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HP 2133 Mini-Note
HP has always been different from its competitors. Whether it's HP's DV style of laptops with glossy finishes or a weird insistence on packing mid-range laptops with more style than performance, the company has never failed to stand apart. This trend continues. With the recent launch of Intel‘s Atom processor and everyone jumping on the bandwagon, HP has chosen to buck this trend and instead equipped its netbook with a VIA C7 CPU. How does this “mini note” fare against the competition? Let’s find out.
HP has never shied away from adding flair to its products. This is reflected in the 2133, which sports a beautiful brushed aluminum finish. The casing consists of a durable metallic lid, with a toughened plastic matte finish for the rest of the laptop, including the keyboard area, underside, and sides. The brushed aluminum finish imparts a classy look that will appeal to business users and casual users alike. Compared to other 8.9 inch laptops, the 2133 is portable enough, with dimensions of 255 x 165 x 27 mm and a weight of 1.27 kg.
Moving on to to usability, the keyboard is at best described as a work of art. While many manufacturers offer excellent keyboards and well-spaced keys, the HP 2133 takes it a step further. This can be attributed to the fact that HP has designed its keyboard to be used for long hours and hence special attention has been paid to it.
The keys have been treated to last longer, offer a matte non-textured finish that prevents sliding, has perfectly elevated keys, and offers very good feedback with no flex or extra springiness. The keyboard is similar to that of the Asus 1000h, in that it's 92 percent the size of a regular keyboard. All told, it makes working long hours a non-issue.
The touchpad, however, gets an F. It is eerily similar to the Acer Aspire One, in that it has a small touchpad area and two large mouse buttons. The touchpad is cramped and using it is difficult while travelling. You should consder investing in a small wireless notebook mouse to increase productivity.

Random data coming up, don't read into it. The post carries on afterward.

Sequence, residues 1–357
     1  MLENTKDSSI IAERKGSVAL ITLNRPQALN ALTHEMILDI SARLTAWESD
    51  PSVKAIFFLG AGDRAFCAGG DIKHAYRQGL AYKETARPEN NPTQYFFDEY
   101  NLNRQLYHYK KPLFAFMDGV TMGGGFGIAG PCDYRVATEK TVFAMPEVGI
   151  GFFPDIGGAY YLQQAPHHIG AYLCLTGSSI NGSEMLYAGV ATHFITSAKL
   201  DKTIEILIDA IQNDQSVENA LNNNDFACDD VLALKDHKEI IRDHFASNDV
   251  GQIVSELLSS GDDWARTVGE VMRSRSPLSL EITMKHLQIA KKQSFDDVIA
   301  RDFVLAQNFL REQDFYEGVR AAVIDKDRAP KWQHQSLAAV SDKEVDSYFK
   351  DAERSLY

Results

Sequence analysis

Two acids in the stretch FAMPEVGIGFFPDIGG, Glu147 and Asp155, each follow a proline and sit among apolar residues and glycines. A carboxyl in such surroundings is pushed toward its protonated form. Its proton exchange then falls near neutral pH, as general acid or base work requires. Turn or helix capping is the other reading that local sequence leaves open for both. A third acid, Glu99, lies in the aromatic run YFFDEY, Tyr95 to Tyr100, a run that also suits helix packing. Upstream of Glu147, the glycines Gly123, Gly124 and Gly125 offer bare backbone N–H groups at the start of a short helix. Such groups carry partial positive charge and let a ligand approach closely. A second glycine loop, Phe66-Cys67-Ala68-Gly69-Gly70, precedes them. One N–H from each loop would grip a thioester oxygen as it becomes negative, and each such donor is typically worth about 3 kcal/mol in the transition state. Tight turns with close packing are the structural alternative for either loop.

The 8.9 inch LCD panel of the HP 2133 has a native resolution of 1280 x 768. This offers a good deal of screen space, more than comparable Netbooks, but loses points because it’s an 8.9-inch affair. The text looks squeezed at times and, despite the presence of Windows Vista with its beautifully designed UI, looks quite cramped. The LCD panel by itself is quite decent, with above average brightness and contrast levels and great viewing angles.
Connectivity-wise, the laptop offers just 2 USB slots, a VGA adapter, a multi-format card reader, an Expresscard slot, and Ethernet, along with a security lock aka Kensington slot.
As I mentioned earlier, the HP Mini-Note is based on the VIA C7M CPU clocked at 1.2 GHZ, and comes with 1GB of RAM and a 120GB HDD. Its graphics are powered by the VIA Chrome 9 chipset. While on paper these look like decent specifications, the real-life performance was far from perfect. The VIA processor is simply underpowered, and the paltry 1GB RAM and a highly demanding Window Vista Business means you have a sure-fire recipe for disaster on your hands.
Right from the beginning the device felt like a crawl-show, taking 75 seconds to boot up, 35 seconds after login for the desktop to appear. It generally restricts multitasking to no more than 3-4 windows before it starts gasping for breath. A downgrade to Windows XP might improve performance, but not significantly, I feel. The battery life is not all that great either. Despite having a 6-cell battery it topped out at 4½ hours, which is a good deal lower than most other netbooks. The audio capabilities are none too impressive. Sound was muffled and tinny, and unsuitable for anything beyond very low volumes.
The HP 2133 feels like an incomplete, lackadaisically designed product. Though it has a brilliant body finish and great keyboard, it loses points for its touchpad, its battery life and its absolutely atrocious pricing of Rs 39,999. At this price point it’s ventured into the realm of normal laptops and becomes completely unworthy of a purchase. We don’t recommend it at all, as virtually any offering from MSI or Acer or ASUS can not only easily surpass it in performance and battery life, but also cost up to 75 percent less!